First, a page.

The Negative Impact Of Stress

Our health is considered one luxury that money can’t buy and in 2020, as we experience a global pandemic, it’s no surprise that safety and wellbeing are at the forefront of all our conversations. As our homes have evolved into our shelters, offices, schools, playgrounds, daycare centres, gyms, watering holes, cafes, restaurants, and cinemas, we’re all struggling with keeping going in truly uncertain times. The National Alliance on Mental Illness immediately says the early months of the year saw “a spike in serious fear and stress” with Mental Health America reporting rises in clinical anxiety by 19% in the first weeks of February and depression by 12% in the first two weeks of March.

One of the key contributing factors to our stressload is work with one Forbes article saying that even prior to Covid-19, the U.S. had a workplace mental health crisis. One new study even goes so far as to say that “our mental health and mortality have a strong correlation with the amount of autonomy we have at our job, our workload and job demands, and our cognitive ability to deal with those demands.” While the World Health Organization defined stress as the Health Epidemic of the 21st Century, taking the time to look after our own health even if we’re not feeling stressed can shape our experiences as well as position us to manage risk factors that might cause other chronic illnesses further down the track. Keep mindful of the fact that even though work is not the only source of stress in our lives, our professional circumstances often involve contributing factors out of our control and can be tied to our financial stability, thus it makes sense to look at this as a starting point for stress.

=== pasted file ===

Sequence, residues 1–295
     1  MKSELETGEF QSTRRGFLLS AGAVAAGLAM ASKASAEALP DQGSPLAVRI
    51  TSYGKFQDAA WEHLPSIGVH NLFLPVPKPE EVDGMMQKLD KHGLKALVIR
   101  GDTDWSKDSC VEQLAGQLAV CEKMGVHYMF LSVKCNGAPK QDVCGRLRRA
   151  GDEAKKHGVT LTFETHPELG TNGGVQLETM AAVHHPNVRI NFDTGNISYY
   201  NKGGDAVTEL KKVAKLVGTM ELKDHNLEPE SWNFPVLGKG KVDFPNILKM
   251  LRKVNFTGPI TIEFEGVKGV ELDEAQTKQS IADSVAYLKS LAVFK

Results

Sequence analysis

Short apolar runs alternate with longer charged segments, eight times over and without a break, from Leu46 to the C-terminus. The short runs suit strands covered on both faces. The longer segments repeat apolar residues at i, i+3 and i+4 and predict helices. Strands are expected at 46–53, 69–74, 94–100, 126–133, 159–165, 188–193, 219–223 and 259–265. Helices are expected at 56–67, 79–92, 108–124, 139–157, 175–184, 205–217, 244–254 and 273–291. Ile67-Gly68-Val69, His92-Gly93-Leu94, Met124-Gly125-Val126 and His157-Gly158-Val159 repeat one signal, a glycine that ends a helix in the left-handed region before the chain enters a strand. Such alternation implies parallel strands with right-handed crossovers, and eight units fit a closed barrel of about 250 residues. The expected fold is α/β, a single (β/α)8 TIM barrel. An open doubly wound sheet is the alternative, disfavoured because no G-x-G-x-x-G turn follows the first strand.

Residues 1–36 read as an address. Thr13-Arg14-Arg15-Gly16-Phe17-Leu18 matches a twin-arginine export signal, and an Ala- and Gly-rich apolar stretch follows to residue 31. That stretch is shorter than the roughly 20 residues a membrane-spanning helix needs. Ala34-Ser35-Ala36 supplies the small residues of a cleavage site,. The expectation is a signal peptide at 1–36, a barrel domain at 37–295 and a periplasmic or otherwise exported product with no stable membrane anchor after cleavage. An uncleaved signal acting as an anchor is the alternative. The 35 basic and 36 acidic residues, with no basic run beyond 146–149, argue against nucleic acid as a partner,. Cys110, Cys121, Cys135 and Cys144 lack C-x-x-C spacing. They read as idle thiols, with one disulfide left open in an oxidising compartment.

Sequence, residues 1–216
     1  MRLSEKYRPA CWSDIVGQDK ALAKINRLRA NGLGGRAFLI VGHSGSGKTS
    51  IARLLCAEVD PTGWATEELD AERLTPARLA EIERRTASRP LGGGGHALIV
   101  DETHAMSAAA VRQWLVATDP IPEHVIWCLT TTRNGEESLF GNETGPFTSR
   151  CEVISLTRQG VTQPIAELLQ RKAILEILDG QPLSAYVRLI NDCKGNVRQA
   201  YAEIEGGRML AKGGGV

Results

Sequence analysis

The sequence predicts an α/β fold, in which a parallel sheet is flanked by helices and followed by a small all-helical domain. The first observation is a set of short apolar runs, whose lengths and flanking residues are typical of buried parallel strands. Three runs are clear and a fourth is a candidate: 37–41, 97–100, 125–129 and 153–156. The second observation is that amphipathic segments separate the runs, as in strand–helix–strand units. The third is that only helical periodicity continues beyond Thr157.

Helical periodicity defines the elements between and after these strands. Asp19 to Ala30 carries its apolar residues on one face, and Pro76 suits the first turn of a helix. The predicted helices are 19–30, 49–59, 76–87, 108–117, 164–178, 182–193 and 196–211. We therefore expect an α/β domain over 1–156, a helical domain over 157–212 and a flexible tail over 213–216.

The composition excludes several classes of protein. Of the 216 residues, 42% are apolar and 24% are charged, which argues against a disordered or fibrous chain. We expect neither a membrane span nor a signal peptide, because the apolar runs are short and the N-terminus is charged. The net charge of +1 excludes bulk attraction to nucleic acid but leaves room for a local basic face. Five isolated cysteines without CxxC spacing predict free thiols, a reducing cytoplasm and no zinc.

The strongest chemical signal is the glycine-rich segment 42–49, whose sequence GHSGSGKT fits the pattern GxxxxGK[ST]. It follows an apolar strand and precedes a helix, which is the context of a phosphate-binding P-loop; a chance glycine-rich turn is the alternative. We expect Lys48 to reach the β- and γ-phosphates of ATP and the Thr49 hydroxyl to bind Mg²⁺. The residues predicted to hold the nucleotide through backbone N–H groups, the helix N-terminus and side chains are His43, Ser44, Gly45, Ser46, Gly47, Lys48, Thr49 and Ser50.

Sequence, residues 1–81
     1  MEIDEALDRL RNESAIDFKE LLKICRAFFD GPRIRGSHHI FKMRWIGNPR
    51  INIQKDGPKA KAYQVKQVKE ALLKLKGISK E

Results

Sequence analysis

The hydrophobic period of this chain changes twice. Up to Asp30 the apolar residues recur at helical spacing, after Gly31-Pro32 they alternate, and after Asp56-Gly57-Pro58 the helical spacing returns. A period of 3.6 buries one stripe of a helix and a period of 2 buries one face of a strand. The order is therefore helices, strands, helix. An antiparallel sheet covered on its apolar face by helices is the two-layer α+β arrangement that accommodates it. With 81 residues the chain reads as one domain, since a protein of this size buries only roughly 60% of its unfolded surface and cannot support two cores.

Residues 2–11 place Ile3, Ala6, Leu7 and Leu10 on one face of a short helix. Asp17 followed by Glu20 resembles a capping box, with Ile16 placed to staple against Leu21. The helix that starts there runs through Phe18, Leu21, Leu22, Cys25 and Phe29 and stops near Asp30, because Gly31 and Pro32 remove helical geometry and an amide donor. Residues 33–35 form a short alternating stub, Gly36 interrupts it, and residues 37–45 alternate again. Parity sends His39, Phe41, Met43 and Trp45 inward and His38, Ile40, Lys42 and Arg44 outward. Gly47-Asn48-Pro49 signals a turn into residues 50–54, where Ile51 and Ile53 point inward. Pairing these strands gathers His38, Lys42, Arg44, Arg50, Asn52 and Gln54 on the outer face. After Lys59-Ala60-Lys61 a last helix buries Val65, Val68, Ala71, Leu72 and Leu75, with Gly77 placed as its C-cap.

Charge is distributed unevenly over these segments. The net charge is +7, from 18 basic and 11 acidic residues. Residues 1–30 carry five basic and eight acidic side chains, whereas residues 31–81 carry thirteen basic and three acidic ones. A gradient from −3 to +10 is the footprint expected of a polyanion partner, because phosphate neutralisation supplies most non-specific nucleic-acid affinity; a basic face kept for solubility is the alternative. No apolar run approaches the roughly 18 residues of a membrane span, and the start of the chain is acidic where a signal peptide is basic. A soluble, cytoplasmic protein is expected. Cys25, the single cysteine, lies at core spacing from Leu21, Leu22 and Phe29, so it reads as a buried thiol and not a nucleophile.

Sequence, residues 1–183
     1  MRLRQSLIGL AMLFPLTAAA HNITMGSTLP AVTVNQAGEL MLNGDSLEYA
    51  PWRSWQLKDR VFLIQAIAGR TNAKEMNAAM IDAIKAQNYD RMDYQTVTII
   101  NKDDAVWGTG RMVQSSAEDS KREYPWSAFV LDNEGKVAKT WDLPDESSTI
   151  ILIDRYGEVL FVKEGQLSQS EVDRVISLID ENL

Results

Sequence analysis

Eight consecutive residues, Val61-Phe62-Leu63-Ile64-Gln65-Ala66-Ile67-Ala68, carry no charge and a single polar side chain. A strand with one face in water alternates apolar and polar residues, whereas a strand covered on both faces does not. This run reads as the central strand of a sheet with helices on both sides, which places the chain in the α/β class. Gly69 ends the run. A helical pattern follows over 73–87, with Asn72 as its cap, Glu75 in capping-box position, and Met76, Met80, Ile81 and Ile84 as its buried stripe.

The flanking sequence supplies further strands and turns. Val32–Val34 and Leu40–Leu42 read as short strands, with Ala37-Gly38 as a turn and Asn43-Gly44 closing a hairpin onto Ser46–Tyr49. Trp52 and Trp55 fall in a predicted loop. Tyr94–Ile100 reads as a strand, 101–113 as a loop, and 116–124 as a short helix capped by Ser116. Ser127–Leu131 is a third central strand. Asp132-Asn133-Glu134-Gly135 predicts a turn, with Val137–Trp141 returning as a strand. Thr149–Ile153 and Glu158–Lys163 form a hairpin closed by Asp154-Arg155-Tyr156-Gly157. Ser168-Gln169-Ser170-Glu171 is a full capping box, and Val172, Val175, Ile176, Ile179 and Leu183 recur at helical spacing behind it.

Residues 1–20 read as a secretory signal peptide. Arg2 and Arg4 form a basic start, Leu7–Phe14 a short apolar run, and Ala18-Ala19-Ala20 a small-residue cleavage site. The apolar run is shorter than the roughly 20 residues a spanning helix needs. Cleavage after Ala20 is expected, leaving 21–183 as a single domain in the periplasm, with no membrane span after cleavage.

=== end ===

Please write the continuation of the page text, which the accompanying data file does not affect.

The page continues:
This infographic, ‘The Negative Impact of Stress, is thanks to Study Medicine Europe who shared this to support you to learn more about holistic wellbeing in the short-term and long-term. In addition to explaining the overall physiological impacts of stress, the graphic provides key statistics with general information that is accessible for all people.


Remember that taking care of your health is about physical, mental, spiritual, and emotional wellbeing with this guide part of equipping yourself to care for you as well as the people around you. As this time continues, you can use this information personally and professionally to keep going as well as pursue clinical and complementary services. Stay safe and best wishes to all of you for your health.



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Written by Danielle White
Medical Writer & Editor

View all post by Danielle White